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Printing their proud hoofs i' the receiving earth :
Carry them here and there, &c.” We are not accustomed to such a call, and would refuse to listen to it. Instead of piecing out imperfections, the audience-the spectators I mean—find it more agreeable to criticise the costume of a crowd representing an army, the docility and evolutions of real horses, the profusion of costly robes, and the scene-painter's merits. If Shakspeare does not give a procession, the actors must, or the house will be thinly attended. Henry the Fifth shows his Coronation, Prospero his Triumph of Amphitrite, Juliet her Funeral, Titania gives us an Embassy from the "farthest steep of India,” Antony and Cleopatra appear in the very thick of the battle of Actium, and the Two Gentlemen of Verona play their frolics in the Carnival. No, we need not be astonished at several of Shakspeare's plays being unfit for the stage. A melodrame, “full of sound and fury,” signifies every thing for the town.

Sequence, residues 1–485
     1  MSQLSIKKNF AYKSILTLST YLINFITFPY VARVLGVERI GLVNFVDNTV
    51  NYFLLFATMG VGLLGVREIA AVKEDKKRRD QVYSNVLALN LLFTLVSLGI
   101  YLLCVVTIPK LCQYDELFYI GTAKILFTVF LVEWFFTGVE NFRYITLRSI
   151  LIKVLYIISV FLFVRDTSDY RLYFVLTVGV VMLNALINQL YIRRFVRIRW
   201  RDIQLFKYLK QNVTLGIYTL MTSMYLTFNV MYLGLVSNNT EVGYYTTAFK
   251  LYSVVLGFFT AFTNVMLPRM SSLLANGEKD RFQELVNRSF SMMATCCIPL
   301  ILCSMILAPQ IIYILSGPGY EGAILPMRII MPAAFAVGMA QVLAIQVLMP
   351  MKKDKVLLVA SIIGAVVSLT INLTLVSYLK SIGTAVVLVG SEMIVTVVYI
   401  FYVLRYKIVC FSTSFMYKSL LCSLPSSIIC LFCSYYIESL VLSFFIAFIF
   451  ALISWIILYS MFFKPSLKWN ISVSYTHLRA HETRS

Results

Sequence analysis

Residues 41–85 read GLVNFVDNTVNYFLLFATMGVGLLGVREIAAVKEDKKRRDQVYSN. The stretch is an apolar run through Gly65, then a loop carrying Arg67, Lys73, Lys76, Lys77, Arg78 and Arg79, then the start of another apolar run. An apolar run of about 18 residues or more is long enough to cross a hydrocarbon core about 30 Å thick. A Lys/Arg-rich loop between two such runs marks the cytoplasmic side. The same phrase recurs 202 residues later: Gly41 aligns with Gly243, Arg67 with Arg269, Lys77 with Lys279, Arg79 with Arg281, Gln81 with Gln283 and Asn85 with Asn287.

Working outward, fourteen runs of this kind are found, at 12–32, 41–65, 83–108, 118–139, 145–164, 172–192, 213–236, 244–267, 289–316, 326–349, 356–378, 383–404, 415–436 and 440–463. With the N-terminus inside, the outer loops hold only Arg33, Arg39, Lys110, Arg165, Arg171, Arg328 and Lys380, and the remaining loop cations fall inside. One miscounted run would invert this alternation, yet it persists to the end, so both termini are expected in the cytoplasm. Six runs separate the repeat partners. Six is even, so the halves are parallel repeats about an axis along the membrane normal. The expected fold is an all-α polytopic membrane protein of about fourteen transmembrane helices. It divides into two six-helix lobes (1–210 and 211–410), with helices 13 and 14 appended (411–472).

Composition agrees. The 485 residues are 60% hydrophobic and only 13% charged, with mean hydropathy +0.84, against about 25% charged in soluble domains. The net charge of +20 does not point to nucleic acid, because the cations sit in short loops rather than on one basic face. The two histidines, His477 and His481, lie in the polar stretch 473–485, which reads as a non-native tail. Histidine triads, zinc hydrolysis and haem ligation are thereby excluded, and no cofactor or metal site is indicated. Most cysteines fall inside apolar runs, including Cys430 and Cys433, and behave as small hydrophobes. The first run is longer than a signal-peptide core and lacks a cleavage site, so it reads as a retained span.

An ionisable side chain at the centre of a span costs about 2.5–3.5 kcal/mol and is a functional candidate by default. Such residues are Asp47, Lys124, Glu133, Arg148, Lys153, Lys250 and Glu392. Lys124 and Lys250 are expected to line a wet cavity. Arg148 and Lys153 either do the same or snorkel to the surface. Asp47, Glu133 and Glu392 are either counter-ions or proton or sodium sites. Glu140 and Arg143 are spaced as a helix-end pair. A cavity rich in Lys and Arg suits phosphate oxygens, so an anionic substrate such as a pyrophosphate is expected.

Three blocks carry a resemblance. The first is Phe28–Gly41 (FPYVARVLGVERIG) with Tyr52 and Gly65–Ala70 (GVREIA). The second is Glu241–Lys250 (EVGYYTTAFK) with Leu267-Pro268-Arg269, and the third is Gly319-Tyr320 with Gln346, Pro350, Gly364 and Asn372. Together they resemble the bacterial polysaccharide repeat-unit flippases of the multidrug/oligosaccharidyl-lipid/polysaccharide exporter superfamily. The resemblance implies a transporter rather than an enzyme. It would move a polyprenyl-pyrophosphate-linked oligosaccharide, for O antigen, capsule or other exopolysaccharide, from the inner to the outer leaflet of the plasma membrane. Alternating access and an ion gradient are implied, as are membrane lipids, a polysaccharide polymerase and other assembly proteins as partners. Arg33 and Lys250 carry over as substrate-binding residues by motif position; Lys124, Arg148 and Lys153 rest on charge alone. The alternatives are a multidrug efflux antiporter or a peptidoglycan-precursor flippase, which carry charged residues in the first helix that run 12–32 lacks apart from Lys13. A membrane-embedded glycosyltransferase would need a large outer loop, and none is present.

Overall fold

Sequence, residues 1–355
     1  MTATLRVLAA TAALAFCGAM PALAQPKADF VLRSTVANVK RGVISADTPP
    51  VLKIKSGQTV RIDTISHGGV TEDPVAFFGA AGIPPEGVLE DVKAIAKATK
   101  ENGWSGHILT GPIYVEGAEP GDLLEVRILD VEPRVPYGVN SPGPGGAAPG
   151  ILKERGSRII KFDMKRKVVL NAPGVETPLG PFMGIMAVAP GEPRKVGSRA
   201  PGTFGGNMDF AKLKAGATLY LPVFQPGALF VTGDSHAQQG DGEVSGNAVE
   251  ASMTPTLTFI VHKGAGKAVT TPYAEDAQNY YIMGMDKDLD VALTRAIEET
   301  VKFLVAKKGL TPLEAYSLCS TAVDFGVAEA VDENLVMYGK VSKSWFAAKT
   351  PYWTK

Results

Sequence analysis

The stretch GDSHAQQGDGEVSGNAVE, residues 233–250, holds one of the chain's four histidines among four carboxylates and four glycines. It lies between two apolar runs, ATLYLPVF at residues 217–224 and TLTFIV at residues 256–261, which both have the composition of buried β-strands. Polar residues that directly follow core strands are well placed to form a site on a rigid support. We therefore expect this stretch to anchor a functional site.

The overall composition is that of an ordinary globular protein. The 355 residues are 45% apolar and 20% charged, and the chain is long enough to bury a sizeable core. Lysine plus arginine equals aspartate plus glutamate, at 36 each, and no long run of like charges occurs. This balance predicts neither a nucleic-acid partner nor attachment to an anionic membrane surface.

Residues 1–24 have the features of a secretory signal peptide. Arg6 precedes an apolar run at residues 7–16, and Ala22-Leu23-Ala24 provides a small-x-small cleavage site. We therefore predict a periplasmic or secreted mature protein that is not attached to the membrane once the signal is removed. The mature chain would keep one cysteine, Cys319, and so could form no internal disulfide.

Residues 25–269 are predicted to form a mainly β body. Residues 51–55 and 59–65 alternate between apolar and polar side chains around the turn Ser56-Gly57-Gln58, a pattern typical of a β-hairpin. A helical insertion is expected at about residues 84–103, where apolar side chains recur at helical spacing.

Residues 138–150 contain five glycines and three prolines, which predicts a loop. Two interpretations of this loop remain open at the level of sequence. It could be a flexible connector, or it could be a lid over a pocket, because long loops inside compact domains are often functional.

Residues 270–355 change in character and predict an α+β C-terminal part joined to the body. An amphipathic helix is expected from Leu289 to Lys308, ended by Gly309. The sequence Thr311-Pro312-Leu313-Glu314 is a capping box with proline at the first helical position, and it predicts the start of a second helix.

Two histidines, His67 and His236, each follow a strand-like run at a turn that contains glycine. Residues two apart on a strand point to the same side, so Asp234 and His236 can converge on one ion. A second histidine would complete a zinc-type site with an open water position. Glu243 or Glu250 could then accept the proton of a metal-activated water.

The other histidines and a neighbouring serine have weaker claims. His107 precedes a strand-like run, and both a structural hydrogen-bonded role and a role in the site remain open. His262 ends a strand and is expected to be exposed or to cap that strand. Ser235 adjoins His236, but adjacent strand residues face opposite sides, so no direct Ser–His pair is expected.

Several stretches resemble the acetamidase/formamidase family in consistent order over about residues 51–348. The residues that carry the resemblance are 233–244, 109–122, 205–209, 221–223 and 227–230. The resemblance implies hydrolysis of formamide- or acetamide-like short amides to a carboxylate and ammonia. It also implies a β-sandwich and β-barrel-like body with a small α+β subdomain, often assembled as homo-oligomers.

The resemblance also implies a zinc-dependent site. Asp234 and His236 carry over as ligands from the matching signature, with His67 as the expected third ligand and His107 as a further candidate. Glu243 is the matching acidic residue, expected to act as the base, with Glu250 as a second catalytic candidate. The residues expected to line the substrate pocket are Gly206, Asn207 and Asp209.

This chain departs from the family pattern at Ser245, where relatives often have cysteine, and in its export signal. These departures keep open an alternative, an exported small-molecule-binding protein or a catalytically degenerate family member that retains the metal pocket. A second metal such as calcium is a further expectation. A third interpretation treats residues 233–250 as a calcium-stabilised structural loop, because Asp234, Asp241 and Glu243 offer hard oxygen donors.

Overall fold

“ Love's Labour Lost” is as perfect, in its kind, as “ Hamlet.” The purpose of the comedy is to ridicule artificial manners, the affectation of students, the forced pedantry of conversation, and the serious folly of striving against nature : and is not this done to the utmost? These are faults scarcely deserving of the lash, and the poet is generally content to place them in situations where they must inevitably expose them. selves. The scene is ever out of doors, as if more effectually to confront them with nature. A good-humoured laugh is in every page, and we join in it throughout. Nothing disturbs the mild humanity of the poet. All the characters, men and women, courtly or clownish, are such as, in our best fellow-feelings, we long to take by the hand, were it not from the dread of being forced to offer our drab-coloured discourse in exchange for their sparkling partycoloured wit. Here Majesty itself is a companionable gentleman ; and we mix in the elegant groups of lords and ladies, or with Costard and Holofernes, and find ourselves always at home. We are carried back to the days of Elizabeth, when chivalrous knights began to understand that poetry was at least on a par with a tournament, and that a philosopher was not so dull as a day of state ; when they first fell in love with the alphabet, and, in compliment to their modern Dulcinea, were ever careful not to open their mouths without due evidence of their having “ fed of the dainties that are bred in a book."